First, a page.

Pastor, Martyr, Prophet, Spy
Bonhoeffer’s last words: “This is the end — for me the beginning of life.”
We conclude our profile of saints, focusing on Dietrich Bonhoeffer. Bonhoeffer would be a saint by now if Protestants (Lutherans, in his case) sanctified their best. The historian Martin Marty crystallized Bonhoeffer’s wide relevance today in a world where church life withers here and abounds elsewhere. He writes he was “strictly orthodox at the same time he was blithely, instinctively informal, Bonhoeffer preached both the death of religion and Christian renewal.” A defiant Lutheran priest who became involved in a plot to assassinate Adolf Hitler, he was imprisoned and eventually was executed by a personal decree of Adolf Hitler on April 9, 1945. His writings were deeply influential to young men studying for ministry in a seminary in a time when one had to confess one’s allegiance to Adolf Hitler (Life Together). Years later, Bonhoeffer’s writings Letters and Papers from Prison and Ethics would serve as a clarion voice among pastors and activists in apartheid South Africa. What was Bonhoeffer’s appeal during the tumultuous rise of the Third Reich in Germany, in apartheid South Africa in the 1980s and among Christians today? He possessed a very original mind. His writings were deeply intellectual and at the same time people read his work devotionally. People read him for his activism and insights into social renewal.
The case for Bonhoeffer’s sainthood is easy on the grounds of his activism. He was a sweet-spirited martyr who’d returned to Germany from America in the summer of 1939, on the last free trans-Atlantic oceanliner before the War, knowing full well that he was sailing to his death, but having decided that the choice was between bringing down the Third Reich or bringing down Christian civilization. He said at the time: “I know which of those alternatives I must choose but I cannot make that choice from security.” For his part in a plot to assassinate Hitler, Bonhoeffer was imprisoned at Buchenwald, then Flossenburg, and hung on April 9, 1945, three weeks before Hitler killed himself. Bonhoeffer’s last words were “This is the end — for me the beginning of life.”
Other interesting facts:
- Bonhoeffer was born in Breslau, Germany, in 1906. His family were not religious, but had a strong musical and artistic heritage. From an early age, Bonhoeffer display great musical talent, and music was important throughout his life. His family were quite taken aback when, at the age of 14, he announced he wanted to train and become a priest.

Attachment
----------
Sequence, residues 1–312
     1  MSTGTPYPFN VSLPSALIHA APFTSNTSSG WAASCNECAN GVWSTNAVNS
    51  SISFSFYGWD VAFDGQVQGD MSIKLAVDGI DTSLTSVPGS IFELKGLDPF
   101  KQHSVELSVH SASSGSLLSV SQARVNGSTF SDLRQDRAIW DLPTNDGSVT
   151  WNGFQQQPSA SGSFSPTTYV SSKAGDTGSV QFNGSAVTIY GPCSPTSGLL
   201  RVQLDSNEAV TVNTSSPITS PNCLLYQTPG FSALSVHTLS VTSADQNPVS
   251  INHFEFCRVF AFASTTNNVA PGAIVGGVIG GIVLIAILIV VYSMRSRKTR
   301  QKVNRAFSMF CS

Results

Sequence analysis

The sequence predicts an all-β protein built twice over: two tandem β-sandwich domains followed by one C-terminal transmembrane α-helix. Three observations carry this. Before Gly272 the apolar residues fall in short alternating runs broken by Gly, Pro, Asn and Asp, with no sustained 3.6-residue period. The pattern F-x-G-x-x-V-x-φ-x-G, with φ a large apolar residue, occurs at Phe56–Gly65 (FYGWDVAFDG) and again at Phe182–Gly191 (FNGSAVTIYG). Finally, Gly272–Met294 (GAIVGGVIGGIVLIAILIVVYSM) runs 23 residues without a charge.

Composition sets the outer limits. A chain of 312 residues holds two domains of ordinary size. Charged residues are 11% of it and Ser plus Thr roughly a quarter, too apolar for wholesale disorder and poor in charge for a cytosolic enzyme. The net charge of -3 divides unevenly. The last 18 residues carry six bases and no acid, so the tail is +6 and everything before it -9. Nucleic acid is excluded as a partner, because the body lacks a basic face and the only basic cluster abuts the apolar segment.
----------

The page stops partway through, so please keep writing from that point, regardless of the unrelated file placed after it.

- In April 1933, Bonhoeffer raised his opposition to the persecution of Jews, and argued that the Church had a responsibility to act against this kind of policy. Bonhoeffer sought to organize the Protestant Church to firmly reject Nazi ideology from infiltrating the church. This led to a breakaway church – The Confessing Church which Bonhoeffer helped form with Martin Niemoller. The Confessing church sought to stand in opposition to the Nazi supported, German Christian movement.
- On his return to Germany from America, Bonhoeffer was denied the right to speak in public or publish any article. However, he managed to join the Abwehr, the German military intelligence agency. Before his visit to the US, Bonhoeffer had already made contacts with some military officers who were opposed to Hitler. It was within the Abwehr that the strongest opposition to Hitler occurred. Bonhoeffer was aware of various assassination plots to kill Hitler. It was during the darkest hours of the Second World War that he began to question his pacifism, as he saw the need for violent opposition to a regime such as Hitler. Within the cover of the Abwehr, Bonhoeffer, served as a messenger for the small German resistance movement. He made contact with associates of the British government – though the feelers of the German resistance were ignored as the Allies pursued a policy of requiring ‘unconditional surrender.’
- Within the Abwehr, efforts were made to help some German Jews escape to neutral Switzerland. It was Bonhoeffer’s involvement in this activity, that led to his arrest in April 1943. As the Gestapo sought to take over responsibilities of the Abwehr, they uncovered Bonhoeffer’s involvement in escape plans. For a year and a half, Bonhoeffer was imprisoned at Tegel Military prison. Here he continued his writings such as ‘Ethics‘. Helped by sympathetic guards, his writings were smuggled out. After the failed bomb plot of July 20 1944, Bonhoeffer was moved to the Gestapo’s high security prison, before being transferred to Buchenwald concentration camp and finally Flossenburg concentration camp.
A characteristic belief/quote:
“Cheap grace is the grace we bestow on ourselves. Cheap grace is the preaching of forgiveness without requiring repentance, baptism without church discipline, Communion without confession…. Cheap grace is grace without discipleship, grace without the cross, grace without Jesus Christ, living and incarnate.” (The Cost of Discipleship)
For further reading: